Buying a home could very well be the largest single investment you will ever make. To minimize unpleasant surprises and unexpected difficulties, you’ll want to learn as much as you can about the newly constructed or existing house before you buy it. A home inspection may identify the need for major repairs or builder oversights, as well as the need for maintenance to keep it in good shape. After the inspection, you will know more about the house, which will allow you to make decisions with confidence. If you already are a homeowner, a home inspection can identify problems in the making and suggest preventive measures that might help you avoid costly future repairs.
If you are planning to sell your home, a home inspection can give you the opportunity to make repairs that will put the house in better selling condition.
Typically, a home inspector is contacted immediately after the contract or purchase agreement has been signed. Before you sign, be sure there is an inspection clause in the sales contract, making your final purchase obligation contingent on the findings of a professional home inspection. This clause should specify the terms and conditions to which both the buyer and seller are obligated.
The inspection fee for a typical one-family house may vary depending on a number of factors such as the size of the house, its age and possible optional services such as septic, well or Mold testing.
Do not let cost be a factor in deciding whether or not to have a home inspection or in the selection of your home inspector. The sense of security and knowledge gained from an inspection is well worth the cost, and the lowest-priced inspection is not necessarily a bargain. Use the ASHIWW inspector’s qualifications, including experience, training, compliance with Washington State’s regulations, and professional affiliations as a guide.
A home inspection is an objective visual examination of the physical structure and systems of a house, from the roof to the foundation. This service can be of benefit to both buyers and sellers of homes.
No house is perfect. If the inspector identifies problems, it doesn’t mean you should or shouldn’t buy the house, only that you will know in advance what to expect. If your budget is tight, or if you don’t want to become involved in future repair work, this information will be important to you. If major problems are found, a seller may agree to make repairs.
The standard ASHIWW home inspector’s report will cover the condition of the home’s heating system; central air conditioning system (temperature permitting); interior plumbing and electrical systems; the roof, attic and visible insulation; walls, ceilings, floors, windows and doors; the foundation, basement and structural components.
Check out the ASHI Standards of Practice and Code of Ethics under the about ASHIWW tab on this site that outlines what you should expect to be covered in your home inspection report.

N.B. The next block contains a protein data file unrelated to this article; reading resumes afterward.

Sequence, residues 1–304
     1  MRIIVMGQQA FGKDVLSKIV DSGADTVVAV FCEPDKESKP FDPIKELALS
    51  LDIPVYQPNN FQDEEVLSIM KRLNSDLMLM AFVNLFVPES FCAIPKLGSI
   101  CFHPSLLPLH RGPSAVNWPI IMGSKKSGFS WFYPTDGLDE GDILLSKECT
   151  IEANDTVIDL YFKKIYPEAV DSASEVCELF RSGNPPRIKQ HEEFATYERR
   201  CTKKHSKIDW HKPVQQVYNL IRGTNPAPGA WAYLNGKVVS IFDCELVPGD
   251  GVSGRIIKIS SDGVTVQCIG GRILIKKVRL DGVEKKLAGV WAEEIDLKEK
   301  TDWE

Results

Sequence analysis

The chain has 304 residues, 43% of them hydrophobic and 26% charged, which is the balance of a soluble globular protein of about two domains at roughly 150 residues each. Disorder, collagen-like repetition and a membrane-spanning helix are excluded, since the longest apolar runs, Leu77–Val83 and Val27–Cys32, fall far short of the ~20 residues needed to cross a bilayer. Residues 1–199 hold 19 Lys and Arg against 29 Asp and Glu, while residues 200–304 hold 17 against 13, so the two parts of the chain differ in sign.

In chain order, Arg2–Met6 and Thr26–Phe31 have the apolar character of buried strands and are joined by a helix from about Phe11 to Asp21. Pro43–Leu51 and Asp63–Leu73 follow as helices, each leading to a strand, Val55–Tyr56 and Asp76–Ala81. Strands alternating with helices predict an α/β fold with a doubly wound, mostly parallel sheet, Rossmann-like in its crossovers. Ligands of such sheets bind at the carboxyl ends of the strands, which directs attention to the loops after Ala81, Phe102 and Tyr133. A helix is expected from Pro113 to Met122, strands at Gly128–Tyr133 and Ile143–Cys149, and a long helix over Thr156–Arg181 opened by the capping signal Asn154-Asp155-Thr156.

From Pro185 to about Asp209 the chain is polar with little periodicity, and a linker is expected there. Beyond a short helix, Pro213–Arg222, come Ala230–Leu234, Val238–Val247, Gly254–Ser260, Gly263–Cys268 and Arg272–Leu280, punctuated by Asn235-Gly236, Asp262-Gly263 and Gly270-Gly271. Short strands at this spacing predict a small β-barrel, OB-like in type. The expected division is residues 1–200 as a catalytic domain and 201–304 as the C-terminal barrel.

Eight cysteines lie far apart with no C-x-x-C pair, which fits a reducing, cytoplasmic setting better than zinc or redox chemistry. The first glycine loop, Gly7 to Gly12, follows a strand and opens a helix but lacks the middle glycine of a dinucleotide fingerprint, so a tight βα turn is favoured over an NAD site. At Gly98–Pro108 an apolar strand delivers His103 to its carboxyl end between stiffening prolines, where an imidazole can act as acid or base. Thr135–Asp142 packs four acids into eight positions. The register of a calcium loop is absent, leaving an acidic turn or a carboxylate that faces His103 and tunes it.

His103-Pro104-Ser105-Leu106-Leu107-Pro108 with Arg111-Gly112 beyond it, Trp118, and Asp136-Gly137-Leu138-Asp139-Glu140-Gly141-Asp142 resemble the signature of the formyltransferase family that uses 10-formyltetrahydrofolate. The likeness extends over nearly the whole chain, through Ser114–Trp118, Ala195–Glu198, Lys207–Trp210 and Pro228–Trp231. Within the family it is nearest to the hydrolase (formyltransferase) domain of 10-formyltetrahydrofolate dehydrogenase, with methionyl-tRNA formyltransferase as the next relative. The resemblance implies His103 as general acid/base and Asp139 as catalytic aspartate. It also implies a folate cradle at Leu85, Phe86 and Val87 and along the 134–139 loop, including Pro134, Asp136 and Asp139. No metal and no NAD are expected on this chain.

Definitely. Now you can complete your home purchase with confidence. You’ll have learned many things about your new home from the inspector’s written report, and will have that information for future reference.
You can ask friends or business acquaintances to recommend a home inspector they have used. Or, you can use the find an inspector search tool on this site for a list of ASHIWW home inspectors in your area who belong to the non-profit professional organization. Whatever your referral source, you can be assured of your ASHIWW home inspector’s commitment to professional standards and business ethics.
While it’s not required that you be present for the inspection, it is highly recommended. You will be able to observe the inspector and ask questions as you learn about the condition of the home and how to maintain it.
No. A professional home inspection is an examination of the current condition of a house. It is not an appraisal, which determines market value. It is not a municipal inspection, which verifies local code compliance. An ASHIWW home inspector, therefore, will not pass or fail a house, but rather describe its physical condition and indicate what components and systems may need major repair or replacement.
ASHI is an organization of independent, professional home inspectors who are required to make a commitment, from the day they join as ASHI Associates, to conduct inspections in accordance with the ASHI Standards of Practice and Code of Ethics, which prohibits engaging in conflict-of-interest activities that might compromise their objectivity. ASHI Associates work their way to ASHI Certified Inspector status as they meet rigorous requirements, including passing a comprehensive, written technical exam and performing a minimum of 250 professional, fee-paid home inspections conducted in accordance with the ASHI Standards of Practice and Code of Ethics. Mandatory continuing education helps the membership stay current with the latest in technology, materials and professional skills.
ASHIWW is the American Society of Home Inspectors Western Washington Chapter. This chapter is knowledgeable inspectors in the area.
Since 1976, ASHI (American Society of Home Inspectors) has worked to build consumer awareness of home inspection and to enhance the professionalism of its membership. The ASHI Standards of Practice and Code of Ethics serves as a performance guideline for home inspectors, and is universally recognized and accepted by many professional and governmental bodies.